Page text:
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J Hypertens. 2008 Apr;26(4):685-90. doi: 10.1097/HJH.0b013e3282f42285.

Cost-effectiveness of the introduction of home blood pressure measurement in patients with office hypertension.

Author information

1
Department of Planning for Drug Development and Clinical Evaluation, Tohoku University Graduate School of Pharmaceutical Sciences and Medicine, Sendai, Japan.

Abstract

OBJECTIVE:

Cost-effectiveness of hypertension treatment is an important social and medical issue in Western as well as in Eastern countries, including Japan. Home blood pressure (HBP) measurements have a stronger predictive power for cardiovascular events than casual clinic blood pressure (CBP) measurements. Therefore, the introduction of HBP measurement for the diagnosis and treatment of hypertension should lead to a decrease in medical expenditure. This study presents calculations of the cost savings likely to take place when HBP is implemented for newly detected hypertensive subjects in Japan.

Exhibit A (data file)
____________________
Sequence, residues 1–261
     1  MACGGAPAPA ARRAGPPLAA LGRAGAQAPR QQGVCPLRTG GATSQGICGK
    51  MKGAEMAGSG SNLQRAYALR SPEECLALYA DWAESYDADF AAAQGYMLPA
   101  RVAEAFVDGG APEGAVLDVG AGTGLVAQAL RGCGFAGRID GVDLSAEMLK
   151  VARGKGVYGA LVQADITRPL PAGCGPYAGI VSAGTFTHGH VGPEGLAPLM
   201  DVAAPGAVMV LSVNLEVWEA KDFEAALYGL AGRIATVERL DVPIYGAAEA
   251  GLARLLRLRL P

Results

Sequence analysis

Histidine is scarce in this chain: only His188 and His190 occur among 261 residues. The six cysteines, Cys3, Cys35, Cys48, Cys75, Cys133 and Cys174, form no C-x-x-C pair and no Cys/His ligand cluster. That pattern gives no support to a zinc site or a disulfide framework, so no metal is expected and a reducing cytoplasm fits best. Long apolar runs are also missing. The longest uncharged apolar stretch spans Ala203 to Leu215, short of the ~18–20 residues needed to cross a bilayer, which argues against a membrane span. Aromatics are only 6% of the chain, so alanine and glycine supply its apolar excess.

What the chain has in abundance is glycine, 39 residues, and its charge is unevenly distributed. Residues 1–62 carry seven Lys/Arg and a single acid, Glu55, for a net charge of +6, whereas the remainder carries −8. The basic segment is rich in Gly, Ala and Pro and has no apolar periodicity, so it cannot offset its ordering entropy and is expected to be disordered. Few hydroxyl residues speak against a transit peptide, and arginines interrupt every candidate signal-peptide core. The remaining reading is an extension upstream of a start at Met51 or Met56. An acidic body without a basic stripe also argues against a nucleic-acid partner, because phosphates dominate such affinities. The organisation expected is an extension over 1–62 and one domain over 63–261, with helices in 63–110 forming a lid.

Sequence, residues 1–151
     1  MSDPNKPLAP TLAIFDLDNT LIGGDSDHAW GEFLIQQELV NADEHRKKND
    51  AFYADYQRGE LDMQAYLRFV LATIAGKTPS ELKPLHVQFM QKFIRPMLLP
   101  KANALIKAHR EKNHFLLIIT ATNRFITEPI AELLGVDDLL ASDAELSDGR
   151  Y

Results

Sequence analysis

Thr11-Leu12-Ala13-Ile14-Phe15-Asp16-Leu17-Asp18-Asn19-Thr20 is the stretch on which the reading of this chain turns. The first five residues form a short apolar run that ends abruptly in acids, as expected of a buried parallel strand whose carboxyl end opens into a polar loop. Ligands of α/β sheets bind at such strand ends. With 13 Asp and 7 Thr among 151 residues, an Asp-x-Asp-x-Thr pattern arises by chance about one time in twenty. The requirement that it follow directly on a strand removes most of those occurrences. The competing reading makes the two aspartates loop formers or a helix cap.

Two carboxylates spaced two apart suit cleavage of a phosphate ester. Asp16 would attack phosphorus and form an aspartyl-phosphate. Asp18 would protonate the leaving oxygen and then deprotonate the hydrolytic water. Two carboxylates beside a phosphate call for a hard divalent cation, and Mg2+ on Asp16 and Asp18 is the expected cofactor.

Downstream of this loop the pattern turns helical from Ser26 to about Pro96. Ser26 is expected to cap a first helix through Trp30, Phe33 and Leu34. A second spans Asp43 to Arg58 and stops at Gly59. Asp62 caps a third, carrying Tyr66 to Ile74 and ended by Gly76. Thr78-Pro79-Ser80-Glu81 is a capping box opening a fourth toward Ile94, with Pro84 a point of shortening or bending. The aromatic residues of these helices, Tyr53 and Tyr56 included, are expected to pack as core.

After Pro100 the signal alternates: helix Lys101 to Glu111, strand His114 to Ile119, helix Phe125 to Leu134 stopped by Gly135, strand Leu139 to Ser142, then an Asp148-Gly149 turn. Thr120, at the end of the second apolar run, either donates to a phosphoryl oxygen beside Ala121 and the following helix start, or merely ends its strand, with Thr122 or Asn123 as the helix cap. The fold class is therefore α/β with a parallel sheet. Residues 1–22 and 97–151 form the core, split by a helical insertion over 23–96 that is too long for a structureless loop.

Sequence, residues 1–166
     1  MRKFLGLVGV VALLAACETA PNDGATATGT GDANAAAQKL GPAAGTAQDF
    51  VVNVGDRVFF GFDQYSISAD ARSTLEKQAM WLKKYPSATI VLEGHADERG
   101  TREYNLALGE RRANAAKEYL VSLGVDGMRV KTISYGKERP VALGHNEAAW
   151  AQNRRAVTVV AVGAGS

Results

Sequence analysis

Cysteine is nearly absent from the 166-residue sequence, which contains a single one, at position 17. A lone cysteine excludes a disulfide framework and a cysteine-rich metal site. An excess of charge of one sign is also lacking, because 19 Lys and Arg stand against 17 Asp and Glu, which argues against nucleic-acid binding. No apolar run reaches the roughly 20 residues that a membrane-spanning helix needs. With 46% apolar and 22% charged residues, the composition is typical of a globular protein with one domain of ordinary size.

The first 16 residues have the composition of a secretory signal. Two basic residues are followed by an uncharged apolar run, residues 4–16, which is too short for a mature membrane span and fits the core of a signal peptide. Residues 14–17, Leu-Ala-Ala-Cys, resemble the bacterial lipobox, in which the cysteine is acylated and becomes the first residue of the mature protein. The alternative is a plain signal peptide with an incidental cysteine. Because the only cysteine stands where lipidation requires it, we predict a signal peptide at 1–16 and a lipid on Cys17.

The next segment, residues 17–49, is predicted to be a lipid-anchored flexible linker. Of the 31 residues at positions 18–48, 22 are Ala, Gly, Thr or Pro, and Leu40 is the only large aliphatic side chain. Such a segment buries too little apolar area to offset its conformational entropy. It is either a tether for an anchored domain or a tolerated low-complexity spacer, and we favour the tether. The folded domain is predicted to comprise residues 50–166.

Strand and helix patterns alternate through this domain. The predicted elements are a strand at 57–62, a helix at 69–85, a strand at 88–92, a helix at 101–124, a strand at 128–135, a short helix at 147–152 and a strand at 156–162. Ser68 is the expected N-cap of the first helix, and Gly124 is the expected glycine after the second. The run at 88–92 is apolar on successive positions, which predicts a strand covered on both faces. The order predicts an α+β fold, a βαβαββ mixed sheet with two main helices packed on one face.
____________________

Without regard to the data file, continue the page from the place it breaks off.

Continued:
DESIGN AND METHODS:

We estimate the cost savings from the perspective of a Japanese healthcare system. To estimate the costs associated with changing from CBP to HBP measurement as the diagnostic tool, we constructed a simulation model using data from the Ohasama study. These calculations are based on current estimates for cost of treatment, prevalence of white-coat hypertension at baseline, and varying the incidence of new hypertension after the initial screening.

RESULTS:

When HBP measurement is not incorporated into the diagnostic process, the medical cost is estimated at US$10.89 million per 1000 subjects per 5 years. When HBP measurement is incorporated, the medical cost is estimated at US$9.33 million per 1000 subjects per 5 years. The reductions in medical costs vary from US$674,000 to US$2.51 million per 1000 subjects per 5 years for treatment of hypertension, when sensitivity analysis is performed.

CONCLUSIONS:

The introduction of HBP measurement for the treatment of hypertension is very useful for reducing medical costs.

PMID:
18327077
DOI:
10.1097/HJH.0b013e3282f42285
[Indexed for MEDLINE]

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